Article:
In a victory for corporations and a defeat for securities class-action plaintiffs’ lawyers, the Supreme Court today severely limited the viability of shareholder lawsuits brought in state courts. The unanimous opinion written by Justice Stevens ruled that the purpose of the pre-emption provision of SLUSA — the 1995 federal securities litigation reform act — is to pre-empt certain types of state-law shareholder class actions.
Which types? The court ruled that lawsuits brought by “holders” of securities alleging fraud must, under SLUSA, bring their cases in federal court just like “buyers” or “sellers” of securties who allege fraud. Justice Stevens said the distinction between “holders,” on the one hand, and “buyers” or “sellers,” on the other, “is irrelevant” in civil securities lawsuits. Had the Court ruled in favor of the plaintiffs, argued the securities industry, it could have opened up the floodgates for state-law securities fraud claims brought by “holders” rather than buyers and sellers.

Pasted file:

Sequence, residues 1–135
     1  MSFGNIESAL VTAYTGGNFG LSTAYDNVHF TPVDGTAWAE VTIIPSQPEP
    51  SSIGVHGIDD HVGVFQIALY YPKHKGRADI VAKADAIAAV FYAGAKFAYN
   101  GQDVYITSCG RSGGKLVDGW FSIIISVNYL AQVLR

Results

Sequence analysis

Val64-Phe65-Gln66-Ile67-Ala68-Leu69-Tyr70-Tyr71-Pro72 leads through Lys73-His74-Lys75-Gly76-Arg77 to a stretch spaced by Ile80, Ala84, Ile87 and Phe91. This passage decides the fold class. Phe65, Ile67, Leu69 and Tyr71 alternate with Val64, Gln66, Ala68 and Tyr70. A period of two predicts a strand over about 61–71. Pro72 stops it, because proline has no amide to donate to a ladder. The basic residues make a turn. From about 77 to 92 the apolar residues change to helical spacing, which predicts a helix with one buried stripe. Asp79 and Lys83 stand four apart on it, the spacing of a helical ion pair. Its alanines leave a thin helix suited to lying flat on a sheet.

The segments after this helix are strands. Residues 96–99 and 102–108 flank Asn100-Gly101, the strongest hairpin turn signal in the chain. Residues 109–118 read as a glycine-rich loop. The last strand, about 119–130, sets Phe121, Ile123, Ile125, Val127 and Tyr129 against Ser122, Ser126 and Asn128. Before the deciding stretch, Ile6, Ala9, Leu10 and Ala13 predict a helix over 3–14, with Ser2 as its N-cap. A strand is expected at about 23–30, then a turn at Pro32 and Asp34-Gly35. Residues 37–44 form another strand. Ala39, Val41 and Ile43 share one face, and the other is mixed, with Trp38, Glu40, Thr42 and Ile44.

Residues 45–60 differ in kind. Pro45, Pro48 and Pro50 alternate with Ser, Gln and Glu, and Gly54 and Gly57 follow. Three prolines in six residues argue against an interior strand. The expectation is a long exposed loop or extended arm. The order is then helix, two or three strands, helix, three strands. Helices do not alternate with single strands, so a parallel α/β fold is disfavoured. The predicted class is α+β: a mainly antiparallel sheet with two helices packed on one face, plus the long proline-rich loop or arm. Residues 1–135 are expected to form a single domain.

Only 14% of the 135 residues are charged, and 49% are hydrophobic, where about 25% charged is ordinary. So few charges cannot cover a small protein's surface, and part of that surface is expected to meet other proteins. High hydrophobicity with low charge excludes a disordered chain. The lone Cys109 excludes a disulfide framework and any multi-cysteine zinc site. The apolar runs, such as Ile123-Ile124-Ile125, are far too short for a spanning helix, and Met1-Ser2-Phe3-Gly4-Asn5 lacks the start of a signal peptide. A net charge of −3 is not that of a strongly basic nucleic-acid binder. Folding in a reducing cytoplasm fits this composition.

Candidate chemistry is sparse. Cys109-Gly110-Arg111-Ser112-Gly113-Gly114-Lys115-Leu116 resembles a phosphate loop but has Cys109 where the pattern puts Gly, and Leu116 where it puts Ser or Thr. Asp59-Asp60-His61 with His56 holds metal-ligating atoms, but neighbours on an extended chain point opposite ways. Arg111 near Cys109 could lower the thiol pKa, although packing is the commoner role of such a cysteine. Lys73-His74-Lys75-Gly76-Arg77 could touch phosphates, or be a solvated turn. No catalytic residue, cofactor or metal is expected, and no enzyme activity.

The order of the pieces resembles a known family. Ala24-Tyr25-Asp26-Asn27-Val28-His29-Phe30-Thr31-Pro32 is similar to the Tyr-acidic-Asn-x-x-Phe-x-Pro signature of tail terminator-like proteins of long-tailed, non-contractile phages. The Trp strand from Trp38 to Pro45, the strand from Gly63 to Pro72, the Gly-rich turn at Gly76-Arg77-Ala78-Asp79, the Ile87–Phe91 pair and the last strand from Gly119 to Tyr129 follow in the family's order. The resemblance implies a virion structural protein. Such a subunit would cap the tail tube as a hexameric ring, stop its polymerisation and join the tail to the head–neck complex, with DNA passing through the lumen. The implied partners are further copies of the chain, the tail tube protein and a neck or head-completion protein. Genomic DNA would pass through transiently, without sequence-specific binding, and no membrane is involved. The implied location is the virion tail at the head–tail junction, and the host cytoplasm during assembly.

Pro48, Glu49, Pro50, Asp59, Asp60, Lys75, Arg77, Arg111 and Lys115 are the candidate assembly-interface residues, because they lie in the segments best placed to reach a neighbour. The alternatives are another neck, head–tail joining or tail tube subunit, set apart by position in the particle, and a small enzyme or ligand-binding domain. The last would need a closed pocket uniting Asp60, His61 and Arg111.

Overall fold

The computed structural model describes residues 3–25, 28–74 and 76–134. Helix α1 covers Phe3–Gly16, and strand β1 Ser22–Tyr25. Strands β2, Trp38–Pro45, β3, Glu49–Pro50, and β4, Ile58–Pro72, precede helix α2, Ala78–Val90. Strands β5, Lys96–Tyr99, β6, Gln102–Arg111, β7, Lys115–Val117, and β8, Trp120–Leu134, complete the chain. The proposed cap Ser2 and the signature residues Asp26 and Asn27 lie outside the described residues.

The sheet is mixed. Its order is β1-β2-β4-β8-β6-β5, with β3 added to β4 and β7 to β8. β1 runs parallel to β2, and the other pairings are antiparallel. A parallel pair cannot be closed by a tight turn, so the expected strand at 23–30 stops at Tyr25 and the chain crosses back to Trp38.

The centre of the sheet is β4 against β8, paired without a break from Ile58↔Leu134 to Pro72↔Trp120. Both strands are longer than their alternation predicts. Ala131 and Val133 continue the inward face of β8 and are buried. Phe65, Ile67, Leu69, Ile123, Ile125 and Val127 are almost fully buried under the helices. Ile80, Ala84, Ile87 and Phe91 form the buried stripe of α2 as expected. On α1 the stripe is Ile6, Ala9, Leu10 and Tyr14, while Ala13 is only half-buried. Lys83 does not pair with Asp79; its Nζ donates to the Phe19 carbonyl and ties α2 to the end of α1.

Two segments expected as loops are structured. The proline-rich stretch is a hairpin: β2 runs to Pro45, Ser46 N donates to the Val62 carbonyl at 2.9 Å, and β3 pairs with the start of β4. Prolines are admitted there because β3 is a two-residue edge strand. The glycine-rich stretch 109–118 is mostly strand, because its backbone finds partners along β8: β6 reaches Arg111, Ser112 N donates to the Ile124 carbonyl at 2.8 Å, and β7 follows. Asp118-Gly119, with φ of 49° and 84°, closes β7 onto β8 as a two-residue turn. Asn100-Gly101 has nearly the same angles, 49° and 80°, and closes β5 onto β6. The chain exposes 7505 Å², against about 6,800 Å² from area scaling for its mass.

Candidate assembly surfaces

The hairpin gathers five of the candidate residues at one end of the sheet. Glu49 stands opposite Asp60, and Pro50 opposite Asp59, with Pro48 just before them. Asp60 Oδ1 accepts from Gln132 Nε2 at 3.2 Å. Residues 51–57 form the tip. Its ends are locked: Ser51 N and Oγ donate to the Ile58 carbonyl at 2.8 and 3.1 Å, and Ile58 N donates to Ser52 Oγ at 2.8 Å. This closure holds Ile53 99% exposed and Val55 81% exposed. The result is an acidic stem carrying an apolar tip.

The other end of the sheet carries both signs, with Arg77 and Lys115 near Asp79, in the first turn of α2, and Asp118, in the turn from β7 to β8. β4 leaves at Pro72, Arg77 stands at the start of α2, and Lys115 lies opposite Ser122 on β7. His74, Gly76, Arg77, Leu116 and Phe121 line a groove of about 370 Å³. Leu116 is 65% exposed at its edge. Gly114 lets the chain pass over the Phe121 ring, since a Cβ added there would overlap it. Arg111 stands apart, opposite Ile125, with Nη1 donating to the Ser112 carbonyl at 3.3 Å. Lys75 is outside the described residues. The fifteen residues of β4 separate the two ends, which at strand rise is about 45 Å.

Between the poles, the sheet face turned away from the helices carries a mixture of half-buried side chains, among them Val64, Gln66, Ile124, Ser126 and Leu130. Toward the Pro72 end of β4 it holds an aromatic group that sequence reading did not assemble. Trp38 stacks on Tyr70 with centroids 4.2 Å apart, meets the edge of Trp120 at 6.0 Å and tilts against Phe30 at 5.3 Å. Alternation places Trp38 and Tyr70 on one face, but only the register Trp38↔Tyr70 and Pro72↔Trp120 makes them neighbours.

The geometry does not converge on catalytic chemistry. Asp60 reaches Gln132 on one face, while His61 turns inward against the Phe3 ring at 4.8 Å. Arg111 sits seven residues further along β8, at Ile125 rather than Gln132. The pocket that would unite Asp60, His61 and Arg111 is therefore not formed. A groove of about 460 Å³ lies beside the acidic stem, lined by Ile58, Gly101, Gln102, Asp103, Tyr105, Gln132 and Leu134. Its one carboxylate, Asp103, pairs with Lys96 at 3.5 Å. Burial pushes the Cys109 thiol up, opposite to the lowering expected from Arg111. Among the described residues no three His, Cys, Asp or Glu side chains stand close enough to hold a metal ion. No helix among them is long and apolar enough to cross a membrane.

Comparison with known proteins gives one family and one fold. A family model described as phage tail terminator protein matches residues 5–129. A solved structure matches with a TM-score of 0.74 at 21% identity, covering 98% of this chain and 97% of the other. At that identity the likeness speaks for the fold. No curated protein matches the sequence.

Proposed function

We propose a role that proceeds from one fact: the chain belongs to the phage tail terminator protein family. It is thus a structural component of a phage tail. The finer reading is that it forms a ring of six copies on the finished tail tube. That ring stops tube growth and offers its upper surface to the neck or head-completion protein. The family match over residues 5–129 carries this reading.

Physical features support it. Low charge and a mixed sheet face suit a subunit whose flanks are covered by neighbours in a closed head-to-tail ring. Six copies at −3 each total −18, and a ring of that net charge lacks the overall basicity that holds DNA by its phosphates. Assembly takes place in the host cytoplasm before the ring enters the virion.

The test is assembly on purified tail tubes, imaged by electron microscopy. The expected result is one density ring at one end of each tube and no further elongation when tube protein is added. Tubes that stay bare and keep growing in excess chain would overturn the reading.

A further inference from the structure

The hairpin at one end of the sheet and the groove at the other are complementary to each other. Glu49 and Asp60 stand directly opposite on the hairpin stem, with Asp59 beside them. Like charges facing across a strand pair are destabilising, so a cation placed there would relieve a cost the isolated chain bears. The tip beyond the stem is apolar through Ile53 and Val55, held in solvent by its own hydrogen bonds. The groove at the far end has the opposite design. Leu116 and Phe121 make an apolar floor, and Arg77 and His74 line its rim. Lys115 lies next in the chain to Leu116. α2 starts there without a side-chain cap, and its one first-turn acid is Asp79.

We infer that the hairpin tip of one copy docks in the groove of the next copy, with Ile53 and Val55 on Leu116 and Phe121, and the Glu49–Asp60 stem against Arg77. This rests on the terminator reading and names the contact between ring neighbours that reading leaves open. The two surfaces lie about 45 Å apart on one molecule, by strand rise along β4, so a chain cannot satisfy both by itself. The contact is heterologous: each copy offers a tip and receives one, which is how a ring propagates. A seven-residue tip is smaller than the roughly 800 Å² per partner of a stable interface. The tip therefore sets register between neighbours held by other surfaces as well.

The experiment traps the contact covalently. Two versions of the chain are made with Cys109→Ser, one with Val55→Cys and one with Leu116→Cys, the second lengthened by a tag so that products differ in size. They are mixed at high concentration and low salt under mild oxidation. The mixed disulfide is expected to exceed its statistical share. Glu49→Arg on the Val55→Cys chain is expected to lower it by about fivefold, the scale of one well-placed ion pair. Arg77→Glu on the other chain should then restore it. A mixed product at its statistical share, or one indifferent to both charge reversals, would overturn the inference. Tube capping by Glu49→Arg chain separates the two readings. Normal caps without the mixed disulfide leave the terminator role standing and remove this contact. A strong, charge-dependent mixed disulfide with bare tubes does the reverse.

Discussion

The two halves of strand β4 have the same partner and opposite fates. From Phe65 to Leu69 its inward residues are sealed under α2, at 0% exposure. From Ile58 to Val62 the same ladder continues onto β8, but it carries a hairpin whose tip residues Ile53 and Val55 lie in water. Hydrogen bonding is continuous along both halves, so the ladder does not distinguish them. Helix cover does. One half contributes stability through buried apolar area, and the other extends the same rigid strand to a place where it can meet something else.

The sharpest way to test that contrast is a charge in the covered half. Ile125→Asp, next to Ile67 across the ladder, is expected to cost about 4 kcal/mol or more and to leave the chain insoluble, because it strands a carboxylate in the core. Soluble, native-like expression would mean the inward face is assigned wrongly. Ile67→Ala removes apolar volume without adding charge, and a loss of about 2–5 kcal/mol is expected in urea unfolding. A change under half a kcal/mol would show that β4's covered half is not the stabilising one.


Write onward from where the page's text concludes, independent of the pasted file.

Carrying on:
Shareholder class action suits–brought by such plaintiffs firms as Milberg Weiss and Bernstein Litowitz Berger & Grossman–have for years been the scourge of Wall Street. While Corporate America loathes any shareholder class action suit, it especially detests having to defend itself in state court, which typically brings relaxed pleading standards and the potential for substantial punitive damage awards.